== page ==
Curtis W. Pazderka, Brian Oliver, Michael Murray and Tristan Rawling* Pages 1670 - 1689 ( 20 )
Omega-3 (n-3) and omega-6 (n-6) polyunsaturated fatty acids (PUFAs) play crucial and often opposing regulatory roles in health and in pathological conditions. n-3 and n-6 PUFA undergo biotransformation to parallel series of lipid mediators that are potent modulators of many cellular processes. A wide range of biological actions have been attributed to lipid mediators derived from n-6 PUFA, and these mediators have served as lead compounds in the development of numerous clinically approved drugs, including latanoprost (Xalatan: Pfizer), which is listed on the WHO Model List of Essential Medicines. n-3 PUFA-derived mediators have received less attention, in part because early studies suggested that n-3 PUFA act simply as competitive substrates for biotransformation enzymes and decrease the formation of n-6 PUFA-derived lipid mediators. However, more recent studies suggest that n-3 PUFA-derived mediators are biologically important in their own right. It is now emerging that many n-3 PUFA-derived lipid mediators have potent and diverse activities that are distinct from their n-6 counterparts. These findings provide new opportunities for drug discovery. Herein, we review the biosynthesis of n-3 PUFA-derived lipid mediators and highlight their biological actions that may be exploited for drug development. Lastly, we provide examples of medicinal chemistry research that has utilized n-3 PUFA-derived lipid mediators as novel lead compounds in drug design.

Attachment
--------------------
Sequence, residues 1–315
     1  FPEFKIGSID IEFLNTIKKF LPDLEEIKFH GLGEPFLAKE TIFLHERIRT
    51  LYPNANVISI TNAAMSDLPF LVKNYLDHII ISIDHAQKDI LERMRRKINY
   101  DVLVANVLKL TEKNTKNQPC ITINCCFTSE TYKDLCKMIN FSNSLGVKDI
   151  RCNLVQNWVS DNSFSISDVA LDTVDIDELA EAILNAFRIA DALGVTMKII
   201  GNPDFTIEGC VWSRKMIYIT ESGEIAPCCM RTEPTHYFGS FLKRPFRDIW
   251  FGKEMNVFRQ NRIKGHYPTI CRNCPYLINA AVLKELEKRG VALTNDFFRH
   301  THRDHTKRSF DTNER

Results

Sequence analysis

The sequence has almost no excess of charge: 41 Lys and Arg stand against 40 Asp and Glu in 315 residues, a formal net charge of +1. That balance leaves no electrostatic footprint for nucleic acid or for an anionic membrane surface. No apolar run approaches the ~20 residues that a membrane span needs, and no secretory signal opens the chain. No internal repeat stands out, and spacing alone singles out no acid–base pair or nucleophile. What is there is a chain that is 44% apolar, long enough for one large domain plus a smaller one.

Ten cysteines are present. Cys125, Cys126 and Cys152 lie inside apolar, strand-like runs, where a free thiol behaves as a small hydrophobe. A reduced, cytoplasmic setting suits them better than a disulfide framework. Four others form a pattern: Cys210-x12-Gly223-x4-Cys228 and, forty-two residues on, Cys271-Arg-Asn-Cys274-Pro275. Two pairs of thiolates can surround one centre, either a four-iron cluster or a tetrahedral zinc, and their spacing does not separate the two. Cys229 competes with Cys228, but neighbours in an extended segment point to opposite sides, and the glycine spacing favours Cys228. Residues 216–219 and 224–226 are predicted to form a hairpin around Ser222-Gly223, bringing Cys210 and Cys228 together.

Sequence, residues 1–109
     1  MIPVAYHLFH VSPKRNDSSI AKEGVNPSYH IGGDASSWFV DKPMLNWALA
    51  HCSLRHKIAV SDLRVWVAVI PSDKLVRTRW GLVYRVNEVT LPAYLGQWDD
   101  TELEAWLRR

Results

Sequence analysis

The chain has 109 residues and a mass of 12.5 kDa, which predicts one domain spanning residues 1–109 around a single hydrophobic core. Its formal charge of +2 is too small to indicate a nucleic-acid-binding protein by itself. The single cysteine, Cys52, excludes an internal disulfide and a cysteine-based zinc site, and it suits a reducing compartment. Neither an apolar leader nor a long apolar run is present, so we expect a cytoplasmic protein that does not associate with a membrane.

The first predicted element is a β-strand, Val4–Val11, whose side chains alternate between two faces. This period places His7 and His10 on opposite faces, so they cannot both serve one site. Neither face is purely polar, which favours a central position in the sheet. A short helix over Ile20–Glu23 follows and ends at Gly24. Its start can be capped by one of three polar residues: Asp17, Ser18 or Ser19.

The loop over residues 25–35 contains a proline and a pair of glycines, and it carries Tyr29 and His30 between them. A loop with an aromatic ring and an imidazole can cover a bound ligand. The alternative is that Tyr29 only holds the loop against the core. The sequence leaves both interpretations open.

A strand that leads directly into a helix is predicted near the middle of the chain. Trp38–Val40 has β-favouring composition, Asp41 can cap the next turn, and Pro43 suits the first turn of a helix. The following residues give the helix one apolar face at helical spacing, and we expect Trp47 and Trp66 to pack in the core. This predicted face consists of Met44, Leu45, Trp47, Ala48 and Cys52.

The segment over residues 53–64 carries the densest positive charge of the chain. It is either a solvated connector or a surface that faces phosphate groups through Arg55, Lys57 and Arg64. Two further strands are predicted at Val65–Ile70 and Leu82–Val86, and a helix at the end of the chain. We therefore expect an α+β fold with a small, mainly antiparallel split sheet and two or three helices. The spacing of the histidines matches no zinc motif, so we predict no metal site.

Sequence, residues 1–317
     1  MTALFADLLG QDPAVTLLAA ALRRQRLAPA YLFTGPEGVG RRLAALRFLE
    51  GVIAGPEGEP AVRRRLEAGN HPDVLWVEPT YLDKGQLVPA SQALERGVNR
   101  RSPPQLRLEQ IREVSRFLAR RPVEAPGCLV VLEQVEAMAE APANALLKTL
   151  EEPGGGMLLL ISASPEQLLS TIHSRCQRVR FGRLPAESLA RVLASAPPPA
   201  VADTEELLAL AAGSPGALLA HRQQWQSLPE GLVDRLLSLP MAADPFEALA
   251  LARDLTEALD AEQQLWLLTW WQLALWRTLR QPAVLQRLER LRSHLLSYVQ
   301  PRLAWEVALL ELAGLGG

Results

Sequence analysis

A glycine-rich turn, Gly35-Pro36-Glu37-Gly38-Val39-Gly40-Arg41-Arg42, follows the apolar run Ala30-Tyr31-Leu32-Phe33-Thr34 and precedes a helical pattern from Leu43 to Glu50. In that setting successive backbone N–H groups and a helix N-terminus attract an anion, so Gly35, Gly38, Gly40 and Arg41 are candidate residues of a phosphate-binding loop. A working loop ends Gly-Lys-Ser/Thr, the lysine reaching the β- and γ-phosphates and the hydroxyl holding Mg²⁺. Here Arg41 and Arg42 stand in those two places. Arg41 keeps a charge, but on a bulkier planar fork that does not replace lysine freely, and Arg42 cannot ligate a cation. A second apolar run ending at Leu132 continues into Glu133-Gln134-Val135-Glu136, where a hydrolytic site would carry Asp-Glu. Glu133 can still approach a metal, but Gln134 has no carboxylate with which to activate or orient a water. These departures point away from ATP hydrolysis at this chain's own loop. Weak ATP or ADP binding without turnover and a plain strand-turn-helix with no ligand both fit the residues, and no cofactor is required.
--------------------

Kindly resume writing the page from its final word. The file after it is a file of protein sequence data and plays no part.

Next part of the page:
Polyunsaturated fatty acids, lipid mediators, oxylipin, omega-3, biotransformation, drug design strategies.
School of Mathematical and Physical Sciences, Faculty of Science, University of Technology Sydney, Ultimo NSW 2007, School of Life Sciences, Faculty of Science, University of Technology Sydney, Ultimo NSW 2007, Discipline of Pharmacology, School of Medical Sciences, Sydney Medical School, The University of Sydney, Sydney NSW 2006, School of Mathematical and Physical Sciences, Faculty of Science, University of Technology Sydney, Ultimo NSW 2007